Deloitte scores Australian health ‘information gateway’ contract
Deloitte has scored a contract with the Australian Digital Health Agency (ADHA), the system administrator of the contentious My Health Record.
Deloitte Consulting will be delivering the first phase of the modernisation of the national digital health infrastructure project underway by the ADHA.
The contract is for the “health information gateway”, which the agency described as a “pivotal piece of national digital health enabling technology that provides a secure and scalable platform for exchanging and accessing health information, including priority areas such as vaccinations and aged care data”.
“The new gateway unlocks the agency’s ability to deploy and manage additional health information repositories and health data exchanges in support of national priorities for healthcare delivery and digitising government services, now and into the future,” it said.
It is expected the new gateway will support a number of government authentication processes so that information can be shared across other health platforms. The ADHA is also hopeful the gateway will be able to interoperate with other health information exchange tech, such as those used by state and territory health departments.
“A connected healthcare system is at the heart of the National Digital Health Strategy and while our national digital health infrastructure has already delivered significant benefits for Australians, it is now time to modernise and unlock the potential that new technologies offer,” ADHA CEO Amanda Cattermole said.
“The new Health Information Gateway will reduce costs and technical and operational complexity often faced by healthcare providers by setting in place a single, consolidated gateway with reusable interfaces available to developers. And it requires fewer connections to be developed between healthcare providers and My Health Record and other digital health products and services.
“This goes a long way to making the sharing of patient information between healthcare providers easier.”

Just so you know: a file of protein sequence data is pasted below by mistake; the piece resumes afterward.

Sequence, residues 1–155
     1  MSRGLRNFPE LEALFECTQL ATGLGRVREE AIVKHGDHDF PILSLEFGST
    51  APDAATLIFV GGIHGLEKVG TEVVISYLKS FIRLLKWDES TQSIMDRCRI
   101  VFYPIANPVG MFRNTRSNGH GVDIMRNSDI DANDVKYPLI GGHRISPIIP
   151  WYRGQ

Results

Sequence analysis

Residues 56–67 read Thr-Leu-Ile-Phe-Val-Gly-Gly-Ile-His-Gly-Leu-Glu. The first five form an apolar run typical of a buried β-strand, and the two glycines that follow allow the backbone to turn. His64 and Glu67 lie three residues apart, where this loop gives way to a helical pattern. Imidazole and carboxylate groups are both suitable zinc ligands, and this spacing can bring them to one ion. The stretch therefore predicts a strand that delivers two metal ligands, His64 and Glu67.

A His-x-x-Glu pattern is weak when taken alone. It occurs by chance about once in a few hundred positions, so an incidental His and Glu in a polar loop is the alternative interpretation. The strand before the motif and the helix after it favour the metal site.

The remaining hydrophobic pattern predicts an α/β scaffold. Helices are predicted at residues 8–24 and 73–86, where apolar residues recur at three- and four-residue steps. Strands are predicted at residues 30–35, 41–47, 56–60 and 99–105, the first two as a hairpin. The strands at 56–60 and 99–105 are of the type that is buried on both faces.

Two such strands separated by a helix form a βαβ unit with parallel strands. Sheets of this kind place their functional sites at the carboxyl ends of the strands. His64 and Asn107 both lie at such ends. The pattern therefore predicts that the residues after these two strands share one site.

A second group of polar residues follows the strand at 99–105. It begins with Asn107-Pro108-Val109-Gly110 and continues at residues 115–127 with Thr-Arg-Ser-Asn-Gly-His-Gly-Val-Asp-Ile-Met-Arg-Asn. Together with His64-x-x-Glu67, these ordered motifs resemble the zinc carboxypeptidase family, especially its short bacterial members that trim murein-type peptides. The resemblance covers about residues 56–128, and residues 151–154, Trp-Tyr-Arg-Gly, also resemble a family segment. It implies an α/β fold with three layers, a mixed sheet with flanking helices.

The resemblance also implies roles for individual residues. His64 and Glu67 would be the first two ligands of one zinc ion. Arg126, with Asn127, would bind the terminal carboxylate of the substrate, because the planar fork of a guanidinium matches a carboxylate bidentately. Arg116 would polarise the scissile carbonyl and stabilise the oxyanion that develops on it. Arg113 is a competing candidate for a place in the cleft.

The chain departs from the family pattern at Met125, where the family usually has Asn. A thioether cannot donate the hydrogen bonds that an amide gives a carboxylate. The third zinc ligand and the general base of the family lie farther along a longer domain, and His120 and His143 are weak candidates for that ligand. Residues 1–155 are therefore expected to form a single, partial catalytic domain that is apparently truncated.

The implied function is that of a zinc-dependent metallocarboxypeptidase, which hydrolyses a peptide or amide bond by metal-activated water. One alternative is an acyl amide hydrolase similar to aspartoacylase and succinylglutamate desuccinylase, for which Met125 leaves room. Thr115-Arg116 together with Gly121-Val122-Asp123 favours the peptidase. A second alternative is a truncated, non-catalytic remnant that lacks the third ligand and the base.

The ADHA also announced it has modernised the way healthcare providers update information through the new Provider Connect Australia, which the agency touts as eliminating the need to keep multiple directories up-to-date manually.
“Provider Connect Australia is new technology that maintains the accuracy of healthcare service and practitioner contact details and will be rolled out nationally. It is expected to achieve economic benefits of more than AU$30 million per year by 2025,” the ADHA said last month.
Deloitte, meanwhile, on Tuesday also announced it was launching an “AI Institute” in Australia.
“Deloitte’s AI Institute is about bringing the many dimensions of the Australian AI ecosystem together, to advance the conversation on AI and ML, and their adoption across Australian government and business,” Deloitte Consulting partner, and founding AI Institute leader, Dr Kellie Nuttall said.
“We will engage with futurists, corporate leaders, data scientists, and next-gen STEM talent to deliver impactful research that supports businesses in translating complicated unknowns into predictable, measurable outcomes.
“And we will examine important questions of how we build ethics and transparency into AI and help organisations remain distinctively human in a technology-driven world.”